thelocal.at
We value your privacy
We and our store and/or access information on a device, such as cookies and process personal data, such as unique identifiers and standard information sent by a device for personalised ads and content, ad and content measurement, and audience insights, as well as to develop and improve products.
With your permission we and our partners may use precise geolocation data and identification through device scanning. You may click to consent to our and our partners’ processing as described above. Alternatively you may access more detailed information and change your preferences before consenting or to refuse consenting.
Please note that some processing of your personal data may not require your consent, but you have a right to object to such processing. Your preferences will apply to this website only. You can change your preferences at any time by returning to this site or visit our privacy policy.
COVID-19
Reader question: I had a non-EMA approved vaccine, how do I get 2G proof in Austria?
We have heard from dozens of people who received Covid-19 vaccines not yet approved by the EMA and plan to travel to Austria for work, studies, family visits or tourism. Here's what we know about the documents you need to get 2G proof.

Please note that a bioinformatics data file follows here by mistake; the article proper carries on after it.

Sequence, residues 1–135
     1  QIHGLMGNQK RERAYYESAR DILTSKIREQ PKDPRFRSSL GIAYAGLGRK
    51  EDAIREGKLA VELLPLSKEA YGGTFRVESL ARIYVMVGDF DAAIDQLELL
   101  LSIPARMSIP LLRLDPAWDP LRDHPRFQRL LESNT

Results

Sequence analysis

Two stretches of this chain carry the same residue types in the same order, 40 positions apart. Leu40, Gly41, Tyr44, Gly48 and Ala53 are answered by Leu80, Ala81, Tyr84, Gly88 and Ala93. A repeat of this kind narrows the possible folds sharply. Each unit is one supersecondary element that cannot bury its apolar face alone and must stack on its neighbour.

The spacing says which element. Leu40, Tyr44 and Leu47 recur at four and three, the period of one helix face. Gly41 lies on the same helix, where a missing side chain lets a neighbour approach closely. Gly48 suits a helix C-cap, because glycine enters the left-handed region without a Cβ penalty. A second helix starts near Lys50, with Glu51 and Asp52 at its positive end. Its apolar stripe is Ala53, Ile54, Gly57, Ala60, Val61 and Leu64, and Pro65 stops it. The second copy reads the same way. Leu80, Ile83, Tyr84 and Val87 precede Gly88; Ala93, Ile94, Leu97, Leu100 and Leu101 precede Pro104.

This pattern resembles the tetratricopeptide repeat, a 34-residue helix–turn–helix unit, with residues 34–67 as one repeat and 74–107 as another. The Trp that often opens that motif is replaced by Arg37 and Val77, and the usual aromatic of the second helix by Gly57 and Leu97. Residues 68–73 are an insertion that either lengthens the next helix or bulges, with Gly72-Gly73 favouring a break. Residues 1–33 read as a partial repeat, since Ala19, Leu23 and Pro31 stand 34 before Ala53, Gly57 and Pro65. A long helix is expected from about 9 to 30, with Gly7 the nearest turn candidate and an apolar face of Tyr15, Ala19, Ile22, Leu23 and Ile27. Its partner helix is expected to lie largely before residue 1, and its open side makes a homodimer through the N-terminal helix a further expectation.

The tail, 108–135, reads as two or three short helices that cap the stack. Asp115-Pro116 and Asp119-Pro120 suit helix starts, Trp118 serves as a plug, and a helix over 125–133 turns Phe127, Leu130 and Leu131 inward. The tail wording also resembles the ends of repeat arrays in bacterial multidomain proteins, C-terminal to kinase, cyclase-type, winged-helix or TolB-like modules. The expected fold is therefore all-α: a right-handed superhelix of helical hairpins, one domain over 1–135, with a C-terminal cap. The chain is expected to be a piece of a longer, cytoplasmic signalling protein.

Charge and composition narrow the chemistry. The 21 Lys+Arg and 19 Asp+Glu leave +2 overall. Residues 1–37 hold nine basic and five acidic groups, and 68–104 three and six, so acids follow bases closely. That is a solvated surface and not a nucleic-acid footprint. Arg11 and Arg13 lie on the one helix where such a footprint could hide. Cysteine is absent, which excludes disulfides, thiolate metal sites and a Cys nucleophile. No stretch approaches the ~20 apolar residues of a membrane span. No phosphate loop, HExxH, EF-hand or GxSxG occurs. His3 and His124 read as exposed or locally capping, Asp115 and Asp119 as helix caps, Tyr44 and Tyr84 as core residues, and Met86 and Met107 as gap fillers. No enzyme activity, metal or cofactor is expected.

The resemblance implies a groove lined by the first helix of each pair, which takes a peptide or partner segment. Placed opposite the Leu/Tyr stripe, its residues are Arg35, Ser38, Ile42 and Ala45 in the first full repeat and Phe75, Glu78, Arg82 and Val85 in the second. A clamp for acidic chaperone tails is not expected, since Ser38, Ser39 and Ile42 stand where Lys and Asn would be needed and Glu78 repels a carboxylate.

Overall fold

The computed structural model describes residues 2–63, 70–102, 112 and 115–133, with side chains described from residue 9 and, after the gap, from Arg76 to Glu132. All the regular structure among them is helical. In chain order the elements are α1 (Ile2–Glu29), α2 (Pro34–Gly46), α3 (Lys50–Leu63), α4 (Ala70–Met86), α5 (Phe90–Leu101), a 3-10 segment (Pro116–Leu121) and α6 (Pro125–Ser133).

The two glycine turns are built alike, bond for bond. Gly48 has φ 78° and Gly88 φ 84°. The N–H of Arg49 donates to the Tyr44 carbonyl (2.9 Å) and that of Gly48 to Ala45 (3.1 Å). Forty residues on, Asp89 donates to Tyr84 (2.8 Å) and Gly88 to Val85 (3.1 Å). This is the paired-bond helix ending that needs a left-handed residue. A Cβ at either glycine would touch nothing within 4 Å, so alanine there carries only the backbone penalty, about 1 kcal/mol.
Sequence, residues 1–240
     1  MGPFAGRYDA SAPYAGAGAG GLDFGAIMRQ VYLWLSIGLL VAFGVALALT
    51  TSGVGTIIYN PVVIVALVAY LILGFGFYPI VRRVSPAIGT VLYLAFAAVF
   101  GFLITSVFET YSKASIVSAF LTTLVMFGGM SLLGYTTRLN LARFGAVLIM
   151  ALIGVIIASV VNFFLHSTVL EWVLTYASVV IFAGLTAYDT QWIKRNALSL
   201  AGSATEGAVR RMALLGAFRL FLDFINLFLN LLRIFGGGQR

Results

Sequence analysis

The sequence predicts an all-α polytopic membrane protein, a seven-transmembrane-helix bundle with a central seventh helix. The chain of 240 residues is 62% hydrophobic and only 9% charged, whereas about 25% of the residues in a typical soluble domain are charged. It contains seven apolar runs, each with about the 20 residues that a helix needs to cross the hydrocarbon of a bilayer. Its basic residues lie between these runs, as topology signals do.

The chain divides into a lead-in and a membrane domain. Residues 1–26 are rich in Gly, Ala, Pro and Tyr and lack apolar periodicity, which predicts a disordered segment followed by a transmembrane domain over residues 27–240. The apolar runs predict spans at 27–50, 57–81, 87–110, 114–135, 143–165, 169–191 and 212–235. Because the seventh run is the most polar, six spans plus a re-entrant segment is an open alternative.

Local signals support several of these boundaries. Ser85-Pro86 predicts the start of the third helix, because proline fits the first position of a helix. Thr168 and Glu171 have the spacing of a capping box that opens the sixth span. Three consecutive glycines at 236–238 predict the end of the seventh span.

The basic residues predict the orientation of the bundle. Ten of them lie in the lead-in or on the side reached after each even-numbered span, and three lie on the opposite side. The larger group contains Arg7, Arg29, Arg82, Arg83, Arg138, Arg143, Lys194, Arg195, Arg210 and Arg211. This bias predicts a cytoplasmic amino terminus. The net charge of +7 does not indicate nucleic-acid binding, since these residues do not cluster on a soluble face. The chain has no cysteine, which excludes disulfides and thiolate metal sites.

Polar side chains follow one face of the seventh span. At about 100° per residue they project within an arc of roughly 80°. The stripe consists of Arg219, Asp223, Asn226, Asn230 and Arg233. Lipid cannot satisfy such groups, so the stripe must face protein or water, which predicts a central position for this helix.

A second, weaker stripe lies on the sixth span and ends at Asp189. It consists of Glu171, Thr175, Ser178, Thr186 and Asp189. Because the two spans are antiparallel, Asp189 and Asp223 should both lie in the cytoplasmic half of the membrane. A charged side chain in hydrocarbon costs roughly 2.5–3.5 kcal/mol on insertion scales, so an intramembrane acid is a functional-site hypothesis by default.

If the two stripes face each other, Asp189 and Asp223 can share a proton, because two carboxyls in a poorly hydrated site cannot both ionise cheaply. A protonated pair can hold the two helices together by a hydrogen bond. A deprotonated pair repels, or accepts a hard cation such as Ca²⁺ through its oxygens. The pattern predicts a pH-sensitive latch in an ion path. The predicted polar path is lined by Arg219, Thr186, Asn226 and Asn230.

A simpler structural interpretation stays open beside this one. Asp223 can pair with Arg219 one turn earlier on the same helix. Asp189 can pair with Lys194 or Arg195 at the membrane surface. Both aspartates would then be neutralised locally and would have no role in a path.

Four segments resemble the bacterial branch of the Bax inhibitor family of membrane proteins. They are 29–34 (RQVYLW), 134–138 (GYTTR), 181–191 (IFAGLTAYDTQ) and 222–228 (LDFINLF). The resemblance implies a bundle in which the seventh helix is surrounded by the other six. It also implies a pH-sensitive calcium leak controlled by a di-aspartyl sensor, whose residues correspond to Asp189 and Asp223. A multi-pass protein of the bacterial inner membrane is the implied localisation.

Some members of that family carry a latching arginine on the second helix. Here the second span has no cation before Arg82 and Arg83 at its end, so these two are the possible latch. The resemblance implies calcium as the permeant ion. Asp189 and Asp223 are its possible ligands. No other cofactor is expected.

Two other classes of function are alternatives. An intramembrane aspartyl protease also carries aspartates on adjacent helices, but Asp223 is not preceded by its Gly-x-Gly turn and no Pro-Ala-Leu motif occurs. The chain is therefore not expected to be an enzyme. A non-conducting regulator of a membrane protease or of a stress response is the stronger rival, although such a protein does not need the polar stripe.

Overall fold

Published: 22 December 2021 11:26 CET
A healthcare worker prepares a dose of the Sinopharm vaccine. Photo: Luis Gandarillas/AFP
In Austria, you need proof of 2G (vaccination or recovery from Covid-19) in order to enter the country, to avoid the current lockdown (which is in place for people without 2G only), and to access many services ranging from hotels to restaurants to ski resorts.
The rules for entry are the simpler of the two. Vaccinations with approval from the EMA or from WHO are accepted, which includes Sinopharm and Covishield for example. You can see the full list here. You need at least 14 days between doses, and no more than 270 days can have passed since your most recent dose.
For domestic use, for example at hotels, restaurants and ski resorts, the rules are a bit more complicated because in general, only EMA-approved vaccines are accepted as 2G proof. But there are some workarounds.